Sunday, May 17, 2009

Lobby Day in DC

Example of what it is like to lobby for immigration reform in Missouri and Kansas. This is an approximation of an actual dialogue on lobby day with a congressional office in Washington, DC. The rep’s office will remain nameless (although there are no innocents being protected here).

We enter the office and are greeted lukewarmly by a young staffer probably in his late 20’s. I will be the Q. and the staffer will be the A.

Q. We are here to talk about comprehensive immigration reform. President Obama mentioned the need for it very forcefully in his Town Hall speech last night in California. Also, Speaker Pelosi and majority leader of the Senate, Harry Reid, have indicated that immigration reform is at the top of their legislative agendas. Some are saying we may see specific proposals on this by this Fall. What do you think?

A. The Congresswoman does not support amnesty for those who have broken our immigration laws.

Q. O.K. What do you mean by amnesty? President Obama said that he would require persons seeking a path to legalization to pay back taxes, learn English, pay a fine, and get in the back of the line. Is that amnesty?

A. Yes. If someone has broken the immigration laws of our country and is here illegally, they should have to leave.

Q. For how long? Can they come back?

A. No, we do not support amnesty.

Q. What if a person is here illegally, but has married a U.S. citizen and has five U.S. citizen children? And what if that spouse and those children, all U.S. citizens, will have to go on welfare if their sole breadwinner is deported, never to return?

A. We do not support amnesty.

Q. So is any return to the U.S. considered amnesty by you, no matter how much of a fine or penalty they pay?

A. We do not support amnesty. Yes, if they are allowed to stay after breaking our immigration laws, that is amnesty.

Q. So under your definition of amnesty, anything short of permanent banishment from the U.S. is amnesty. Have you ever received a speeding ticket?

A. No.

Q. Have you ever exceeded the speeding limit, but not caught – even one mile over the speeding limit?

A. Yes, of course.

Q. Then aren’t you a criminal driver? Do you think an appropriate punishment should be permanent revocation of your driver’s license? Or perhaps permanent banishment from this country and your family? Does that make sense?

A. That’s not the same thing.

Q. Well, do you know what the criminal penalty is for entering this country without authorization? It’s a $250 fine – about the same as a speeding ticket. Does that sound like the kind of “crime” that warrants permanent banishment from family and country?

A. We do not support amnesty.

Q. Although I don’t think this qualifies as amnesty, let me suggest an example. A few years ago, Rush Limbaugh was caught in a federal drug felony. Do you remember that?

(I could tell he did. He started getting red in the face and obviously irritated. I should explain that at this point I had abandoned any idea of persuading him to change his mind. It was obvious that he couldn’t really go beyond his talking point of “no amnesty” and I shifted to my "make him feel guilty and/or foolish” mode. And by the way, Rush Limbaugh was from his district, Cape Girardeau.)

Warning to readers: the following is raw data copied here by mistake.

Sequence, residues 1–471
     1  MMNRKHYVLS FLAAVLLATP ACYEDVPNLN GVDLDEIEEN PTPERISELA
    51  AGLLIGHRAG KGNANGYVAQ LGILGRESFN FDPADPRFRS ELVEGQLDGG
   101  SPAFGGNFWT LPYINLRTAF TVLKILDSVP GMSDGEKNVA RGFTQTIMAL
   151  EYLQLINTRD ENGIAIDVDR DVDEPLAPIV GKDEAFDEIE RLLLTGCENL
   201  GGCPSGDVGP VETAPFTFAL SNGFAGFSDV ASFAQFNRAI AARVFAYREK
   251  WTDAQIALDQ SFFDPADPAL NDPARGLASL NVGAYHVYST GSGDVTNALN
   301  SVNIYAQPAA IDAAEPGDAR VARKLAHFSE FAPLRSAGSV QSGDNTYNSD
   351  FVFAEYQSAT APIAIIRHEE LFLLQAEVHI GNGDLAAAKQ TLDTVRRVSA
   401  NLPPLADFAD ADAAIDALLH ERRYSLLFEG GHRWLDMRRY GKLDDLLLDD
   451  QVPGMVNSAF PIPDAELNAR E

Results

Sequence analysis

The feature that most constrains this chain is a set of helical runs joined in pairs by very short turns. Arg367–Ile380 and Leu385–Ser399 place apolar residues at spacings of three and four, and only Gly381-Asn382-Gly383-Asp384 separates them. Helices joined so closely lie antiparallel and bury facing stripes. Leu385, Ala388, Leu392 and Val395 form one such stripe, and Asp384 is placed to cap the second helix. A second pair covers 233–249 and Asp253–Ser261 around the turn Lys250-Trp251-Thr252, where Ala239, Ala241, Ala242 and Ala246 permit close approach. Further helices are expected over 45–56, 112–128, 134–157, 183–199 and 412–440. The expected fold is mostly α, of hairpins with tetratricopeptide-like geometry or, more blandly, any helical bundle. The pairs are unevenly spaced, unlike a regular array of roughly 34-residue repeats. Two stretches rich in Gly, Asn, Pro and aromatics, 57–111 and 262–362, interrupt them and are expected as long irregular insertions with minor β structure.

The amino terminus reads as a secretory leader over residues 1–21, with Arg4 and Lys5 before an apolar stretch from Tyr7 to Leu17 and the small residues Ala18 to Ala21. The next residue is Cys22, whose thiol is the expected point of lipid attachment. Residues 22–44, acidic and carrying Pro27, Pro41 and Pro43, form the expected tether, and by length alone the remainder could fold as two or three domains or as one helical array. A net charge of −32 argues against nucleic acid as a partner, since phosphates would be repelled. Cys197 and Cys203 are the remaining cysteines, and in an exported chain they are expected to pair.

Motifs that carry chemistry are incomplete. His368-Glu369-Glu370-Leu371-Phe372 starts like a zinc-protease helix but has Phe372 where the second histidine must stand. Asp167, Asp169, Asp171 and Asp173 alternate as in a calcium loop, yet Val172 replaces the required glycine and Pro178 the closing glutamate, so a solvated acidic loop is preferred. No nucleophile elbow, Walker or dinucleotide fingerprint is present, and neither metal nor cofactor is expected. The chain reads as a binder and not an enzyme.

Q. Rush was caught in this felony drug crime. He’s a drug criminal and could have gone to prison. But instead, he reached a plea agreement, paid a large fine and was on probation for a long time. It was a win/win situation. The prosecutors could avoid the expense and delay of a trial and Rush got to avoid jail. This is something, by the way, that happens every single day in our justice system.

So Rush didn’t have to go to jail – the punishment that our federal laws required. The question is, did Rush get amnesty for his drug crime?

A. No, that’s not the same thing.

Q. Why not?

A. We don’t support amnesty?

Q. So you support amnesty for Rush but not for some poor migrant worker who crosses a border to find a job and has U.S. citizen children and a U.S. citizen spouse that will be irreparably harmed if he is deported from the U.S.?

A. We don’t support amnesty.

Q. My impression of your representative was that she was pro family.

A. Yes, we are very pro family.

Q. Really? Did you know that in the past ten years we have deported from the U.S. over 100,000 parents who left behind U.S. citizen children and U.S. citizen spouses? What do you think that did to those families? Did you know that according to the Urban Institute, one out of every ten children in the U.S. is in a mixed status family? That is, they have one or more parents that are not documented in the U.S. So, if their parents are deported, that will destroy a lot of families. Do you think this is a good result?

A. We are very pro family.

(At this point, it was painfully clear that the cognitive dissonance of maintaining in one breath “no amnesty” and in the next that he is “pro family” simply did not register for him. In reality, the primary principal was “no amnesty” regardless of what human damage it does.)

Q. So exactly whose families are your supporting? Not these poor families. You take this “no amnesty” position despite the fact that what we are talking about with immigration reform is not amnesty at all, and the only alternatives involve either an unacceptable status quo, or incredible human misery and huge expense to the government in trying to deport these poor people. Do you know that it has been estimated to cost over $200 billion to try to deport about 10 million undocumented people in the U.S. And what do you get in the end? Destroyed families, messed up economy and no appreciable benefit to anyone -- the U.S. or the alien. Do you think that is a good result and a good expenditure of taxpayer money?
A. We don’t support amnesty.

Q. Then you don’t really care to act in the national interest, do you?

A. (standing up) Thank you for coming.